At launch, Audi will offer two variations of the 5.2 litre V10, rated at 540 or 610 horsepower. Zero to 100km/h takes 3.5 and 3.2 seconds respectively. Zero to 200km/h has been measured at 11.4 and 9.9 seconds. Top speed is an ungoverned 323km/h for the 540-horsepower model, and an incredible 330km/h for the 610 horsepower monster. These figures are significantly better than the current model, and a clear testament to its aerodynamic properties.
On the track, the R8 is ultra-fast – with perfectly linear throttle response. Its naturally aspirated V10 is a classic, high-revving performance engine – with a soundtrack that reminds one of better times in Formula 1. It redlines at a lofty 8,850rpm. The only available transmission is the lightning-quick DL800 seven-speed dual-clutch box. The previous model’s fantastic six-speed manual is unfortunately gone, after its take rate in the market dropped to around 5 per cent.
It likes to play
Judging from the passenger seat, the new R8’s chassis can fully cope with its power. Thanks to its enhanced and rear-biased all-wheel drive system, it turns into corners even more eagerly and can be coaxed into easily controllable oversteer. The centre of gravity is slightly lower than before. Audi has fitted a water-cooled front differential, and a passive limited-slip differential in the rear. Of course, there’s electromechanical power steering – which we’ll have to try out ourselves to really judge on merit. A variable magnetic ride suspension is optional.
Audi’s ‘drive select’ button offers several modes. ‘Dynamic’ mode, for instance, “allows the driver to notice some action,” an engineer explains. On top of that, there’s a ‘performance’ setting, which can be adjusted according to the road surface. Here, the focus is not on showing off, but on perfect lap times. Enthusiasts will be happy to learn that the stability control system can be switched off – entirely. ‘Comfort’ mode, on the other hand, lowers the noise level and takes away the harshness – rendering the R8 an ideal long-distance cruiser.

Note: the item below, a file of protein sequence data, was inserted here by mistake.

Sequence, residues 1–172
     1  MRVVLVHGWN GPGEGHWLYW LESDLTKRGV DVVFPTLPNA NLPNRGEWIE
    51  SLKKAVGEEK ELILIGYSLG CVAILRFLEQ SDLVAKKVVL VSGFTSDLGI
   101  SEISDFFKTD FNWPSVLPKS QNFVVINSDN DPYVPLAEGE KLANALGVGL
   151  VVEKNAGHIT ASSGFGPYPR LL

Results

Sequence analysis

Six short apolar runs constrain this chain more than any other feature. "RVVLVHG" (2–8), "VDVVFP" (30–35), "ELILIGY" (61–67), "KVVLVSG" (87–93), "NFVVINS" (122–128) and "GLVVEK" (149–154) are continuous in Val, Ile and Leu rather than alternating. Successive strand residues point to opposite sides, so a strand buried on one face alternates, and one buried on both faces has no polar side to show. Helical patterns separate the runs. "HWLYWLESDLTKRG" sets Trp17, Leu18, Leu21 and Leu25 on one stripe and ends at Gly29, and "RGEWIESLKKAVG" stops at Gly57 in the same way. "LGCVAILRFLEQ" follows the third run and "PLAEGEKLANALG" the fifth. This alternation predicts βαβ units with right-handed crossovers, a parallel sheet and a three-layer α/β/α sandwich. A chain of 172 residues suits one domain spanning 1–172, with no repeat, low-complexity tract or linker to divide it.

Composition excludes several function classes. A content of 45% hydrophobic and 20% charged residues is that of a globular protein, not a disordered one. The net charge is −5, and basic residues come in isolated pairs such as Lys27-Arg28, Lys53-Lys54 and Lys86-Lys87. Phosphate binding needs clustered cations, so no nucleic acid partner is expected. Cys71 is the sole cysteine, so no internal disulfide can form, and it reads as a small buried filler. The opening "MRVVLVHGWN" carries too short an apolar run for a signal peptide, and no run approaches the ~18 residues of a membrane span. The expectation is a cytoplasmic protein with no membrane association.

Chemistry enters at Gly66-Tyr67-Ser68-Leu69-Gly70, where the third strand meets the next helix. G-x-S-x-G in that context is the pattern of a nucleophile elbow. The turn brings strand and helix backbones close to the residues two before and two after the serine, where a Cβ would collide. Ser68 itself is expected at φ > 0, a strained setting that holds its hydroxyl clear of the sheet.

While the exterior looks altogether evolutionary, the R8’s interior takes a leap forward. The steering wheel, carried over from the new TT, is fitted with four additional buttons to select the driving modes, choose the exhaust sound, and to start and stop the engine. The ‘virtual cockpit’ – with a freely programmable TFT monitor at its heart – is another carryover part from the TT, and that’s a good thing. There’s no central screen anymore, emphasizing the strong driver orientation of the new R8. Even the colour and trim choices are innovative. The standard dashboard features a high-tech texture, highlighted by stitching. Leather and alcantara surfaces are available, and Audi offers different grades of decor. This interior is a segment benchmark, and it makes the Porsche 911, the BMW i8, and the Mercedes-AMG GT look dated.
The two V10-powered versions are just the beginning. Audi is sure to bring an entry-level R8 to market – either with a turbocharged V8 or with a turbo-six. There will be another racing derivative before the end of the year – and a fully electric, rear-wheel drive R8 e-tron has been confirmed by Audi R&D chief Ulrich Hackenberg. We also fully expect to see a Spyder version again. One thing, to be sure, hasn’t changed in the past decade – the R8 remains a declaration of war.